View Full Version : Last items to purchase for full system - need advice
03-16-2006, 07:27 PM
I'm trying to piece together the last pieces for a general use system, as well as paint system. Here is what I have today:
- husky 2 stage 80 gallon 175 psi
- ~25 ft 1/2" copper installed to one drop with drainage, split one air, one dryer
- devilbiss DAD500 Desiccant Air Dryer System
- devilbiss gti 3000 gun
Ok, now I've never painted before, but I think I'm on the right track with the tools so I can start learning. Here are some questions that are outstanding:
1. I don't use the high flow couplings, and cannot seem to find a standard coupling to fit the devilbiss dryer fitting va-542. Should I have a dedicated hose for painting, and use only high flow couplings? Should I convert everything including my air tools to high flow couplings (hopefully not necessary)?
2. What regulator/filter should I use for general purpose outlets? Where should it be placed in the system? Which model/brand is suitable? Devilbiss har-602?
3. If no regulator right off the compressor, is it safe to have the 1/2" copper pressurized 24/7/365?
Thanks for any of your help.
Not sure on #1, but I'll take a stab at 2 and 3.
2: I like the 606B Sharpe units I got from Len. I think Devilbiss makes a similar unit if you're partial to their stuff. I put mine at the end of the run, right at the takeoff for each drop (http://sixty5short.chevytalk-supporter.org/misc/shop/airlines/pages/07.html). I've seen folks put one filter somewhere in their main feed so it filters the whole system, but I think one filter per drop probably works better. I figure the more distance between the compressor and the filter, the less water the filter has to deal with.
3: Schedule "L" is rated way above 175psi for burst pressure, you'll be fine. But, that being said, I'll admit that I turn off the ball valve feeding my system when I leave the shop. Last thing I want is a leak developing somewhere and cycling my compressor until it burns up.
Here's another thought I didn't think of, the IR guy turned me on to this. Unless you have a tool that requires 175psi, you can adjust down the pressure switch on your compressor to reduce the max psi. Most of my tools operate at 90psi, so my 175psi-capable compressor has been adjusted to operate between 115(cut-on) and 150(cut-off). There's some pressure drop in my system, so I didn't regulate all the way down to 90. Why force your compressor to build 175 every time it cycles if all you need is 150? Might be a negligible amount of wear-and-tear I'm saving, who knows- but it makes sense to me. Plus it would, in theory, help reduce the likelihood of developing leaks.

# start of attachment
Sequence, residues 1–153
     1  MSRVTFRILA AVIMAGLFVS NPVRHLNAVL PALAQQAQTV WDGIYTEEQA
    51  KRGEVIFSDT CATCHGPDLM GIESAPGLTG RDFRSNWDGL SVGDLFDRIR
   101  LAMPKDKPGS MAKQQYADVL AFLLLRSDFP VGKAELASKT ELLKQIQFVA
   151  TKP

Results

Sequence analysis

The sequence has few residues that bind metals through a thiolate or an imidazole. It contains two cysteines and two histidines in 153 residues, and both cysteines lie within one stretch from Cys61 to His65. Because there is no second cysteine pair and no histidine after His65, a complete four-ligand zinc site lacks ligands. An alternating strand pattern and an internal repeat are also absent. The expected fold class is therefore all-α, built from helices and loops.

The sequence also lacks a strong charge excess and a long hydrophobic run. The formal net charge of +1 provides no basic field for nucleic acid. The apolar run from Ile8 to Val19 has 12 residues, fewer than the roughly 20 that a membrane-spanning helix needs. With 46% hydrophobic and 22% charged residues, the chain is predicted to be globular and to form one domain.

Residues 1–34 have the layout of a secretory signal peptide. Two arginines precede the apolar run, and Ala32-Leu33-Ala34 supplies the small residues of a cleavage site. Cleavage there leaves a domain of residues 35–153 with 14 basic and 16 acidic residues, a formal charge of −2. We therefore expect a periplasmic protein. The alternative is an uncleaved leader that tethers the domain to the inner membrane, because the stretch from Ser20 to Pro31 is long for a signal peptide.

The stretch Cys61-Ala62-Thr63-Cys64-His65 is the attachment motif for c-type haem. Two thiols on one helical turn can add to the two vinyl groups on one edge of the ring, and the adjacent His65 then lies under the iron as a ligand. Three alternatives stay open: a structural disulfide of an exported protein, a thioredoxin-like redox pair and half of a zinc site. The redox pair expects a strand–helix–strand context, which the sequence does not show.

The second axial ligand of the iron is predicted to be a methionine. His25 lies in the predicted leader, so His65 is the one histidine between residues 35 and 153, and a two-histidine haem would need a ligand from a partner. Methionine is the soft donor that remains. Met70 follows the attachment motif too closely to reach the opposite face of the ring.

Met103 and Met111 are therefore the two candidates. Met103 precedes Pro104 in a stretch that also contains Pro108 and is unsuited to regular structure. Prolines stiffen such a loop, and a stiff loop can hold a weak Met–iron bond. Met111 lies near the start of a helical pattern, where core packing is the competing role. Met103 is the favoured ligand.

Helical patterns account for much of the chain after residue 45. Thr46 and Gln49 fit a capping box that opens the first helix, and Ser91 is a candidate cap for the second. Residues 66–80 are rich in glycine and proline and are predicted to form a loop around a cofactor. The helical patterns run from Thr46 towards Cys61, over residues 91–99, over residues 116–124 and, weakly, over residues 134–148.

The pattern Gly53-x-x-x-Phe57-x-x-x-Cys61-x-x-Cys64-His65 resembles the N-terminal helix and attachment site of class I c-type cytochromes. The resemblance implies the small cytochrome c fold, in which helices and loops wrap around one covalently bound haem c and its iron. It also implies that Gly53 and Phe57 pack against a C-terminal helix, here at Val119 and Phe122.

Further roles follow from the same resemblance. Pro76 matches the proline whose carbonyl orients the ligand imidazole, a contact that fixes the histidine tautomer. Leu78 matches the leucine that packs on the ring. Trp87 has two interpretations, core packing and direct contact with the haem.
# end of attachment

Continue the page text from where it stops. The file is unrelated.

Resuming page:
03-21-2006, 03:08 PM
The highflow couplers will help your compressor work more efficiently with any of your tools. They are a good idea, but now a necessity. Same theory for your copper, 3/4" would be less constricting than 1/2", and only marginly more costly. Your first drop should be as far away from the compressor as possible, to help with condensation. Copper is more efficient than hose, so install a lot of drops, and use as little hose as possible. You should definitely have a ball valve off the compressor going into your lines so you don't have to drain the entire tank to work on your lines. Good Luck.
By the way, I don't leave my system pressurized. I drain my tank and lines at the end of the day. I definitely don't leave my compressor on at the end of the day. With a true 5 hp motor at 23 -25 amps, if you have a problem with the cut in/out switch, safety valve, or your lines, the motor will run until it is red hot.
03-21-2006, 08:16 PM
My black iron air lines have for all practical puposes been pressurized 24/7 for the last 22 years with no negative effects. I never drain the tank on my Quincy at the end of the day. I do shut it off at the end of the day and turn it back on in the morning. I'm not a big fan of hi-flo fittings in 99% of applications. I don't use them in my shop and I've never worked in a shop that had hi-flow fittings. Every air tool I've ever used including many different spray guns have never suffered any ill effects due to not enought air delivery through normal air lines. If any system is so restricted that it needs hi-flo fittings then there are some serious design errors/constrictions in that air delivery system.
Use a regulator like Doug says,you do not need full psi at each drop and install a filter,regulator and drain valve at each drop.I installed a inline oiler on one drop and use that drop for all my air tools,the other drops are for painting,sand blasting and the plasma cutter.I use red hoses for the drops that have the oiler and yellow hoses for the drops with no oil so I don't get them mixed up.
03-22-2006, 09:35 PM
Thanks for all the feedback. I'm not partial to any brand, I don't have enough experience to be. One issue though: it seems that I don't have to use the high flow couplers, but I cannot find any coupler to fit the devilbiss dryer. Anyone have a link to an adapter or any kind of solution?
The DAD-500 should have come with a 1/2" ball valve on the output side. If this is the case you should be able to put a standard or hi-flow coupler wih female thread right on the output threads then attach your hose right to the coupler. If it didn't come with the ball valve you'll need to find some type of adapter or purchase the valve.
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